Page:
DKA in the Ethiopian care setup has not been well documented . Many patients with diabetes keep dying from DKA every year . With the current trend of transition from communicable to non-communicable disease, it is projected that the latter will equal or even exceed the former in developing nations, thus culminating in double burden. For large areas of the World, particularly in Africa and South East Asia, there are few data or none at all, on the frequency of DKA in adults.
The magnitude of DKA in adults in Africa from few pocket studies is much higher than the developed countries. In Ethiopia like other African countries the magnitude and risk factors of DKA in newly diagnosed DM adults is not well studied. Without the knowledge of the magnitude and associated risk factors of DKA in adults the preventable associated risk factors Even though many DKA patients was seen in emergency unit of Ethiopian hospitals and health facilities, Little is known or very little study is done about precipitating factors and clinical-laboratory features of DKA among Ethiopian patients and information is scant to promote better health service to prevent mortality due to DKA. Knowledge about precipitating factors of DKA will give insight about uniform approach of diagnosis. The information gained from this study will be step towards for supporting and promoting early management, planning and prevention of DKA. The finding of this study may be used as a base line data for those who are interested in carrying out further study.
This study was conducted in Dilla University Referral Hospital (DURH), Dilla. It is located 360 km from the capital city, (Addis Ababa), and 90 km from the Hawasa (capital city of south region). Dilla university referral hospital situated in the Dilla town of Gedeo Zone and serves a population of over 550,000 who are mainly (90%) rural. It is the only referral hospital with a total of 165 beds that provides surgical, gynecologic/obstetric, medical, and pediatric wards in the Gedeo Zone. It acts as a referral center for the surrounding primary health care unit. The main diagnostic modalities in this hospital are routine laboratory investigation, radiological and pathological service. It has physicians within certain specialties such as surgery, orthopedics, medicine, pediatrics, dermatology gynecology, radiology, dental doctor and anesthesia on duty on 24 hour bases. An institution based cross sectional study was conducted from September 9th/2017-May 30th/2019 on 421 randomly selected newly diagnosed patients with type 1 diabetes mellitusthat were admitted in medical emergency in DURH from September 2017 till 1st May 2019 G.C. Sample size was calculated using single population proportion with the following assumptions.
Where; n = Minimum sample size for a statistically significant survey, Z = Normal deviant at the portion of 95% confidence interval two tailed test = 1.96, P = 58% (similar previous study), q = 1-p, d = allowable margin = 5%. Accordingly, Minimum sample size (n) = 421.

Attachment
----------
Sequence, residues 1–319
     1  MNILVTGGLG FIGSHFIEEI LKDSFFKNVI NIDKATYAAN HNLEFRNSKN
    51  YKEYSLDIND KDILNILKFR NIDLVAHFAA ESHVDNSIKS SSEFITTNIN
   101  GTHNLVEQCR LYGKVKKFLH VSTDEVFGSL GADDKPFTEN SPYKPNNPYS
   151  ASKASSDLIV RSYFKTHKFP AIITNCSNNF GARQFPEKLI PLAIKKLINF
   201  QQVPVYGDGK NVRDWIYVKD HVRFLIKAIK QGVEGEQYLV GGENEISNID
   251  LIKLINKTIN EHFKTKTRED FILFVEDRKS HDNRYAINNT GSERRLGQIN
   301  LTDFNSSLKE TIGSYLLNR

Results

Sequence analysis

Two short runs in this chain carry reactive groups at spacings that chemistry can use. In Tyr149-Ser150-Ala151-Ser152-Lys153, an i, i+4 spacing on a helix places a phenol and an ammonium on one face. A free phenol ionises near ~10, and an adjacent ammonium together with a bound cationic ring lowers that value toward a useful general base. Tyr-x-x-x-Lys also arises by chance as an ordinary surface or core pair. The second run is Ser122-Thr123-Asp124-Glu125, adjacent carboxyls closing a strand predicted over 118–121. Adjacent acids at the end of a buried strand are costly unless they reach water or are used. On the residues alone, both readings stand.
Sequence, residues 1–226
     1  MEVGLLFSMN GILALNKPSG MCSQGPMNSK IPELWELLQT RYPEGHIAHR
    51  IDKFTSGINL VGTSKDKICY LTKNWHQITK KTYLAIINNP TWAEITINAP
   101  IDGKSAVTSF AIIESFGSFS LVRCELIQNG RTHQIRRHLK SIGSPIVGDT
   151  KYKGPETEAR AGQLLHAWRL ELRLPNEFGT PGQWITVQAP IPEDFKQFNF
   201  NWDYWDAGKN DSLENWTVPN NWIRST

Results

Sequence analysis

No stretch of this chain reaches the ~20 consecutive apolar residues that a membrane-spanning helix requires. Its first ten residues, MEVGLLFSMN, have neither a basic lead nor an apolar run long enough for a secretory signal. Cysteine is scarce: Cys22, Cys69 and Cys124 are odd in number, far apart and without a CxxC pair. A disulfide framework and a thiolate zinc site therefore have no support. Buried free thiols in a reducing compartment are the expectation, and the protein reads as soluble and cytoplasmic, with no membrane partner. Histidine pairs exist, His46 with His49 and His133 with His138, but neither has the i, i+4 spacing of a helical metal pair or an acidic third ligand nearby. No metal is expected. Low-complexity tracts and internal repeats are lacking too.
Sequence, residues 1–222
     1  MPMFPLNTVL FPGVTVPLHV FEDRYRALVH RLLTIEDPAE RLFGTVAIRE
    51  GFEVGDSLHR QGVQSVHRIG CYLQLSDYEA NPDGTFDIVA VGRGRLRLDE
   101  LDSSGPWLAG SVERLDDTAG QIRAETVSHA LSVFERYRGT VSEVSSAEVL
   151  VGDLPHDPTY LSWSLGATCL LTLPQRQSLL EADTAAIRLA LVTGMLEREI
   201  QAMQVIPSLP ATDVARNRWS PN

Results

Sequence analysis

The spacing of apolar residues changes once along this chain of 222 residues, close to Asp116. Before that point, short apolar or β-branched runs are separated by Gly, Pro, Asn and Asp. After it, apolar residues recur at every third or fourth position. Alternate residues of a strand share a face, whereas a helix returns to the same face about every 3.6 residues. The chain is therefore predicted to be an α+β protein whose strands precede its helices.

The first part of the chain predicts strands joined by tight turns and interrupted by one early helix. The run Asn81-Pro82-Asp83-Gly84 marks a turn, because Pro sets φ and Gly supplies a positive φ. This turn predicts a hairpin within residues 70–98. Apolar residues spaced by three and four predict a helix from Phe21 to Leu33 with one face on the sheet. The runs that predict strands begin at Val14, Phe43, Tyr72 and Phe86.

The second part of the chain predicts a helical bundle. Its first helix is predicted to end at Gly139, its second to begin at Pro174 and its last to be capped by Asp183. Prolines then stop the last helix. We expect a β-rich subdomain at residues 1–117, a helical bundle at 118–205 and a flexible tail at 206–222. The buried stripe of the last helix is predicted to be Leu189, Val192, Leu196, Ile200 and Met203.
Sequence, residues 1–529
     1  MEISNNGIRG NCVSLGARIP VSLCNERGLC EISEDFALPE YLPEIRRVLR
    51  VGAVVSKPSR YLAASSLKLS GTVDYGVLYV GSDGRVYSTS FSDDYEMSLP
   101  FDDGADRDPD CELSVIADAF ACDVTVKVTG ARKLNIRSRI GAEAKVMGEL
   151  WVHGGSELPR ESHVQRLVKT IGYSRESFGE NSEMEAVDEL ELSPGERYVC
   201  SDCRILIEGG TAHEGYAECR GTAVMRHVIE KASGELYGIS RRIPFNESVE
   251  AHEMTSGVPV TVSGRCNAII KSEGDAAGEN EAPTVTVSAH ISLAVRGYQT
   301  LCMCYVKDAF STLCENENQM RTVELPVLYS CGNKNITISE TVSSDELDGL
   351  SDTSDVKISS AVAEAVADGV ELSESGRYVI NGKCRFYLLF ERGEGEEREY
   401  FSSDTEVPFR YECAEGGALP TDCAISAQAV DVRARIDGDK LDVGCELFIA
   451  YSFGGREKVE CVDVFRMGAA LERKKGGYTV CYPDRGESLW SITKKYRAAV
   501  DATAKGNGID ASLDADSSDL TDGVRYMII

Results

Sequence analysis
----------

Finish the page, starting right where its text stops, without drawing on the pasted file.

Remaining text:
The sample size was also adjusted to compensate for non-response rate of 10%. Hence, total sample sizes of 421 of newly diagnosed Type one Diabetic patients were used in the study. Systematic random sampling technique was used. With k = 6 List of all DM /DKA patients in newly diagnosed T1DM from registration log book will be used as sampling frame. Before data collection ethical clearance per protocol unique number: 007/17-13 was secured from Institutional Review Board (IRB) of Dilla university on March 3rd/2019. Permission letter was taken from medical director of Dilla university hospital. Verbal consent from each study subject was asked and secured after detail explanation about the main purpose of the study, the confidentiality of the information was assured by anonymous of the study subjects in the questioners and large effort was made to maintain privacy of the respondents during the interview After explaining the purpose of the study in detail to the study participants and informing them that they have a full right to cooperated and participated and not to participate or even to interrupt and leave the interview if they feel discomfort. Maximum effort was made to maintain privacy and confidentiality during data collection. Data was collected by clinical nurses using prepared checklist, from registration log book. And chart of the patients were revised. EPI info.3.1 and SPSS version 20 was used for data entry, editing and analysis, respectively. The collected data were double entered using EPI data software version 3.1. Then it was exported to SPSS version 20.0 for data processing and analysis. The following variables were measured as follows during analysis: (a) Diabetic Ketoacidosis in newly diagnosed adults:- Adults who have blood glucose level ≥ 250 mg/dl, Ketonuria and ketonemia and diagnosed being Diabetes Mellitus patient for the first time; (b) Adult Age :- > 18-years-old; (c) First degree relatives with DM:- Child's mother, father or sibling with DM; (d) Preceding infection:- Any infection 1-2 weeks before the onset of DKA; (e) Preceding sign and symptoms of DM/DKA:- A adult who had polyuria, polydepsia and weight loss 1-2 week prior to DKA; (f) Knowledge of the sign and symptoms of DM/DKA:- Parents who know the three poly symptoms (polyuria, polydepsia and polyphagia) and weight loss were considered knowledgeable. Descriptive tests like proportions mean and standard deviations and analytic tests like bivariate and multivariate logistic regression analysis were computed. Hosmer-Lemeshow goodness-of-fit was used to test model fitness. Finally, Variables with p-value less than 0.05 were declared as having significant association between factors and dependent variable.